Here is maybe some of the last content exclusive to this channel, the second excerpt from Vampires Will Never Hurt You, Excerpt The Second, Chapter I:
Five hours earlier, Hope Hadley was dropped off by a local bus that she’d hopped on at the nearest regional Greyhound depot. Hope was a tender seventeen years old, which was, at that moment and to her thinking, a most inconvenient age to be. It meant she was still a minor, and still subject to the court order—no matter how hard she resented it—that she’d been served requiring her to visit her biological father. Even if she’d rather be by her mother’s side as the poor woman battled cancer, or anywhere else for that matter.
The sun was setting over Lake Galena, a hazy orange sinking down through the cloud layer, reminding her for whatever reason of radiation. At present she was at the intersection of Rural Route 301 and Galena Avenue; across the street from her were two of the tiny hamlet’s six churches, the Gilead United Methodist Church and then the Church of St. James the Apostle, , along with the town and county supreme court. To her left (north) was the Gilead Diner, open 24-7. Kitty corner around the block to the left was Fair Street which lead past the local high school and eventually to the address of her father—a lawyer, she thought, wrinkling her tiny, pixie-like nose at the his odious profession—and his practice. If she felt like biting the bullet now, she could go see him directly, but she didn’t, she felt like procrastinating.
So Hope turned left and got a room at Smalley’s Inn, an authentically quaint little Irish Tavern and public house.
You need to see Hope and see her very well as she settles into her quaint little room at Smalley’s Inn, taking off her olive drab army jacket and sniffing her armpits in her black tanktop, applying an apple-lavender deodorant to cut down on the smell of “several days on Greyhounds” that still faintly clings to her. Hope is 5’3” and somewhere near 105 lbs. Her ears are pointed in an almost elfin way, and pierced multiple time. Her hair, cut in a short bob that accentuates her bangs, is dyed a shade of pure lilac. Hope is an attractive young girl, for certain, but not enough to be an actress or a model. However, Hope has a certain…something.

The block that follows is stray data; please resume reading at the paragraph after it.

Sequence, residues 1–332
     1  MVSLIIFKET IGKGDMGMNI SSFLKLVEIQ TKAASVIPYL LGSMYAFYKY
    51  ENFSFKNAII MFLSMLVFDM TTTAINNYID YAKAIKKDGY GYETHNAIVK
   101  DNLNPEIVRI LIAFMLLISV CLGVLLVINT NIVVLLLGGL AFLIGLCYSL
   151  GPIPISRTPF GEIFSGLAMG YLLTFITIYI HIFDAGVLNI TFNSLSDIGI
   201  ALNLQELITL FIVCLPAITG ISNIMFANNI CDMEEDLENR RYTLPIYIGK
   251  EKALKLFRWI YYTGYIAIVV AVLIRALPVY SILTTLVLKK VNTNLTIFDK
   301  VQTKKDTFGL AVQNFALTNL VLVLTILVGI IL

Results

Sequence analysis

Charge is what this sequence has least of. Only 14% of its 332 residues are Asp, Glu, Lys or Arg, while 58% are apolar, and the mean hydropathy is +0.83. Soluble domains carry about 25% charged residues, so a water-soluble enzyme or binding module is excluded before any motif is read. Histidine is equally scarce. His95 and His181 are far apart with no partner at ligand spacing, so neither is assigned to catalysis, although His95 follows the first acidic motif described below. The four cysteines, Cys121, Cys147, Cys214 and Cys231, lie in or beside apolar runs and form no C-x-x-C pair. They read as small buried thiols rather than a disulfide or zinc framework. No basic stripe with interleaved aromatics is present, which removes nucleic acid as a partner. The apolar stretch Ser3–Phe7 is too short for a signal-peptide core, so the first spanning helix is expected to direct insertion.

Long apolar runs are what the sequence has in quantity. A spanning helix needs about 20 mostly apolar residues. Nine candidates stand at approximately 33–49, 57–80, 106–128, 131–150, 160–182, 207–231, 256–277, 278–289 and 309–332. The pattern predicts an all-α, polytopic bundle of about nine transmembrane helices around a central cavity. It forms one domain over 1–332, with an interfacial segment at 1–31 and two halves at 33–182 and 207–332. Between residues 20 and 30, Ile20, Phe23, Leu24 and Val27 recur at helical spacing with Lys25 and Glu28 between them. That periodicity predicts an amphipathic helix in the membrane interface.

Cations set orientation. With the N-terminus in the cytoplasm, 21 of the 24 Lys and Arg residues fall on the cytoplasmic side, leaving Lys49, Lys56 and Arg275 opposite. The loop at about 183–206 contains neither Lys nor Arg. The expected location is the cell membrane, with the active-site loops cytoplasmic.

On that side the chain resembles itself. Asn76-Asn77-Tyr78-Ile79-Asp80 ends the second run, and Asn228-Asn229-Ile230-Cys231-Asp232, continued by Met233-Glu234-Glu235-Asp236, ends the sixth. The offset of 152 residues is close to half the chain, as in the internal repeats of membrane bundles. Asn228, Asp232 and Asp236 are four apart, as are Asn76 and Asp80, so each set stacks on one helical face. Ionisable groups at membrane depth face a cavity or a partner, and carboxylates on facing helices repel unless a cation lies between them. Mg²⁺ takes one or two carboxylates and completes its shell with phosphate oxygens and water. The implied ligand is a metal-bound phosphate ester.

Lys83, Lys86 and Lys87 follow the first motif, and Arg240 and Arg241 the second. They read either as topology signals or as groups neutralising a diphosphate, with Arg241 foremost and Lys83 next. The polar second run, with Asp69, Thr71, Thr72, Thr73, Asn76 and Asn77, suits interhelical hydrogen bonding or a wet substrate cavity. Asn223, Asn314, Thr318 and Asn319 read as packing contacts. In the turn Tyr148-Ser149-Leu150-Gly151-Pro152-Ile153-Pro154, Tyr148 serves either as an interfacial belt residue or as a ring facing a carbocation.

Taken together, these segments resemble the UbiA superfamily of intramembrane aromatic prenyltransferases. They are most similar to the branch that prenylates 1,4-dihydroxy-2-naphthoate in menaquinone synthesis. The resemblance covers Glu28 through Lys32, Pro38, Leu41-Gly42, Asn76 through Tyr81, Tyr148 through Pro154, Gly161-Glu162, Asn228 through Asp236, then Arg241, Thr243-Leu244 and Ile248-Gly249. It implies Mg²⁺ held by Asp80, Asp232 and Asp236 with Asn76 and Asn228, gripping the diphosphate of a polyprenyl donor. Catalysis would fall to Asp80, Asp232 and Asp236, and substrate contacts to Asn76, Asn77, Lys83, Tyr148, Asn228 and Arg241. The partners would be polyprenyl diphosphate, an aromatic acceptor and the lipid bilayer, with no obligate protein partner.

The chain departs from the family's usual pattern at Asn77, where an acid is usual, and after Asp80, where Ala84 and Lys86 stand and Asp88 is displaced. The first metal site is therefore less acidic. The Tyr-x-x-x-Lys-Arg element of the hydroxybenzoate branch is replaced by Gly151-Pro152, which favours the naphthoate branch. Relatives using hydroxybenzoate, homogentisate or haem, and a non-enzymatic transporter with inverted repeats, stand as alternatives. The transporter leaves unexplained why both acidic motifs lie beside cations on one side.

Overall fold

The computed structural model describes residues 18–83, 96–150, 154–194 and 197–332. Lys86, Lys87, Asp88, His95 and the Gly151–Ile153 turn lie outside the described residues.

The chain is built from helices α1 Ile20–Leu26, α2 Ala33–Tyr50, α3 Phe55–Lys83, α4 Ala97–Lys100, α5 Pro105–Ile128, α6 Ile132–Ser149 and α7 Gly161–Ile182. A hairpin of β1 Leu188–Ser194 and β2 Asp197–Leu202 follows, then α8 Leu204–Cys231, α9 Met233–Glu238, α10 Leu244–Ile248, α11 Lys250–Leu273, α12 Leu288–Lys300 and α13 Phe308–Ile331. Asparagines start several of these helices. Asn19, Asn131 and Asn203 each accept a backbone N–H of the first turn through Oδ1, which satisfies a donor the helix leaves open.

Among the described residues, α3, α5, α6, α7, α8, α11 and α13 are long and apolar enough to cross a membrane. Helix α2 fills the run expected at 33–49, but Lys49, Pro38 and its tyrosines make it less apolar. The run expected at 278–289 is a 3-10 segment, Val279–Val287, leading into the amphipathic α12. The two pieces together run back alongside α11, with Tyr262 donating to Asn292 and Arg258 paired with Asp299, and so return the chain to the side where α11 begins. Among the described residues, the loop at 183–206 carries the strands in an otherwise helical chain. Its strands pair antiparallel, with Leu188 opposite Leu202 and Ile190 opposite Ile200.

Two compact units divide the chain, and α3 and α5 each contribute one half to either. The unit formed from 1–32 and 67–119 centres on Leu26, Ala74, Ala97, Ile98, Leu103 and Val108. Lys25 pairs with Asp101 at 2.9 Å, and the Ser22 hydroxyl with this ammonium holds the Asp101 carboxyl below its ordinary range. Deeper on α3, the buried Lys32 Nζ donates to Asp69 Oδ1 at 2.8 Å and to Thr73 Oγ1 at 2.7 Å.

Hope didn’t know much about this something herself. And counterpoising Hope’s ability to unintentionally provoke unrequited adoration more unfortunately, she hadn’t even the most remote suspicions about the equal and opposite power that existed, something else entirely.
An hour later, Simon Stark turned on his headlights, driving into Gilead from the south along State Highway No. 6, hugging the curving dark banks of Lake Galena. Simon was a 31-year-old private detective who worked out of New York City and considered Humphrey Bogart’s Sam Spade and Phillip Marlowe to be his ideal self, his totem, his spirit animal, and his mentor. It was business that had brought him to the small town of Gilead. His client, a large, wealthy, eccentric black man with a Ving Rhames thing going on named Marcus Esadh, was secretive but paid well.
Although the job took him out of his back yard, the client was covering his expenses, and frankly, Stark and his partners were happy to get any work at all—the PI business was becoming increasingly focused on more and more heavily corporatized “digital investigation” which Stark had failed to be an early adopter of—and Stark personally was over the moon to have a case that didn’t amount to pinning the cuckold’s horns on a jealous husband, or confirming the suspicions of a suspicious wife. He’d been in this business eight years and had enough of that kind of case to last him eight lifetimes.